Acting upon fraudsters who have been selling fake seed to farmers, a new bill with a hefty penalty is being drafted. Initially, the 1996 Seed Act had a K1m fine for familiar offences, a penalty which isn’t as punitive today, considering inflation rate and the ease for one to acquire that amount.
The new bill, proposed by the Director General of the National Seed Commission, proposes that any prescribed seed found to be fake or found not to conform to standards of moisture content, defects, purity and germination shall not be sold by any person, for sowing, with a hefty fine not exceeding 35million and about 9 years imprisonment to individuals that will sell such seed.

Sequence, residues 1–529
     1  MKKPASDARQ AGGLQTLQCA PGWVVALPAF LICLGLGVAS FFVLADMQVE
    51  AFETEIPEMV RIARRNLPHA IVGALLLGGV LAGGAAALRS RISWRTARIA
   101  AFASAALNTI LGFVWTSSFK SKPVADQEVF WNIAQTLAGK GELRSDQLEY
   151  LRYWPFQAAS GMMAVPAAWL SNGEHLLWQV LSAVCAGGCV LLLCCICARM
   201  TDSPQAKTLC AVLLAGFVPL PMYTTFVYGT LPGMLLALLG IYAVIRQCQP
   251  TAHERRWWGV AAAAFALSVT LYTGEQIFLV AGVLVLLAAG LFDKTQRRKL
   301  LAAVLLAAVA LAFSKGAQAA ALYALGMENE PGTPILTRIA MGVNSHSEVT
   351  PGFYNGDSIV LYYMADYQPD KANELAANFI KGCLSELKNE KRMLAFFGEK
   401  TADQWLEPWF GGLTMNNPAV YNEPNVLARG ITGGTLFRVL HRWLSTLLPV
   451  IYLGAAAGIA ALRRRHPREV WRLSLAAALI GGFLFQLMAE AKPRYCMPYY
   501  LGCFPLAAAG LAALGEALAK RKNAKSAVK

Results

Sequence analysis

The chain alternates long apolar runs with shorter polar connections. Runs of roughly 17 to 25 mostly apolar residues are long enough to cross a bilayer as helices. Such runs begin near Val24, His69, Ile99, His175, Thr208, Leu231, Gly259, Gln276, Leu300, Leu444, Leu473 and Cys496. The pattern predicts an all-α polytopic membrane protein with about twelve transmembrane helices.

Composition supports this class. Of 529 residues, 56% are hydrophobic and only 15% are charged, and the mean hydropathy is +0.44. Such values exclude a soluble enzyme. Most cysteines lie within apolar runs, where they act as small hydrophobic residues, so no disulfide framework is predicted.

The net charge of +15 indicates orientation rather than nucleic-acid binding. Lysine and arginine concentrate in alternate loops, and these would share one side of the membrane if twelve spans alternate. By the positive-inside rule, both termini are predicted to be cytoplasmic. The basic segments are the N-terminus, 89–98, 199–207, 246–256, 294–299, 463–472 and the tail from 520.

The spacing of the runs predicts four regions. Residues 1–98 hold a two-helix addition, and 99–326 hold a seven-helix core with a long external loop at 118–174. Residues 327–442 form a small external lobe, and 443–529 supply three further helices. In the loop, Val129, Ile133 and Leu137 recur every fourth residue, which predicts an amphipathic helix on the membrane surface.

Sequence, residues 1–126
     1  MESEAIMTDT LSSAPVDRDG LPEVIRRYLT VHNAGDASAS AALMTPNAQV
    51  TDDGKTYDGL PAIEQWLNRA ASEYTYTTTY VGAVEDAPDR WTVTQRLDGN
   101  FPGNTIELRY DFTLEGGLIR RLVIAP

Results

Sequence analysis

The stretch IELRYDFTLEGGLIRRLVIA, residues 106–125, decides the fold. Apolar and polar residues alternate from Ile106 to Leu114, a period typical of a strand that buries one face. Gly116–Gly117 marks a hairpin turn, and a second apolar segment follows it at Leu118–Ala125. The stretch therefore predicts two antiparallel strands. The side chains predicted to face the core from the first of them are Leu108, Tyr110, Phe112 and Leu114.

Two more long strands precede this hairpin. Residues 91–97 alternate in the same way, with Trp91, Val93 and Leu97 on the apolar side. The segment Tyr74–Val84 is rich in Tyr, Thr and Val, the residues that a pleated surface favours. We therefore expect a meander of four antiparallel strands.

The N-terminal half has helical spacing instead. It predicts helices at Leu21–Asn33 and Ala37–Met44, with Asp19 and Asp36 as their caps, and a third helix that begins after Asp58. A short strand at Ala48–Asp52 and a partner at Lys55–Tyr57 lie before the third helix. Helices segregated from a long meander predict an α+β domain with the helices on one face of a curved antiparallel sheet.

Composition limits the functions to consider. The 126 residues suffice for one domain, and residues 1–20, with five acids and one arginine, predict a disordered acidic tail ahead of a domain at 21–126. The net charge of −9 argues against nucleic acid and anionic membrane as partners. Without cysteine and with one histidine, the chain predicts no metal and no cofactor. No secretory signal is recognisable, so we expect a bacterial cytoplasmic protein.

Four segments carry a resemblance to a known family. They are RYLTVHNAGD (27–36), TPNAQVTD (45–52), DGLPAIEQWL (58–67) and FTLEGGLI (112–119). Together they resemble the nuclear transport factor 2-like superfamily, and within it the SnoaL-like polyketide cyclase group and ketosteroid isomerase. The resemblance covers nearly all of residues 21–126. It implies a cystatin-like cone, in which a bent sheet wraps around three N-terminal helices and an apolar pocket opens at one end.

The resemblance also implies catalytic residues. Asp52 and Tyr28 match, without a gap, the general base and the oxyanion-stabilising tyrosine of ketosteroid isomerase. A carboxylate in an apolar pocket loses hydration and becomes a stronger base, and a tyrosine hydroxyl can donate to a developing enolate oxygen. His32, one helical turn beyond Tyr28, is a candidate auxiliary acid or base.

While attributing poor harvests to such malpractices, the Farmers Union of Malawi has hailed the bill as a means of restoring order to the seed business.
Upon the passing of the bill, the agricultural sector is expected to improve immensely and bring hope to those that lost hope due to the fraudsters on the market.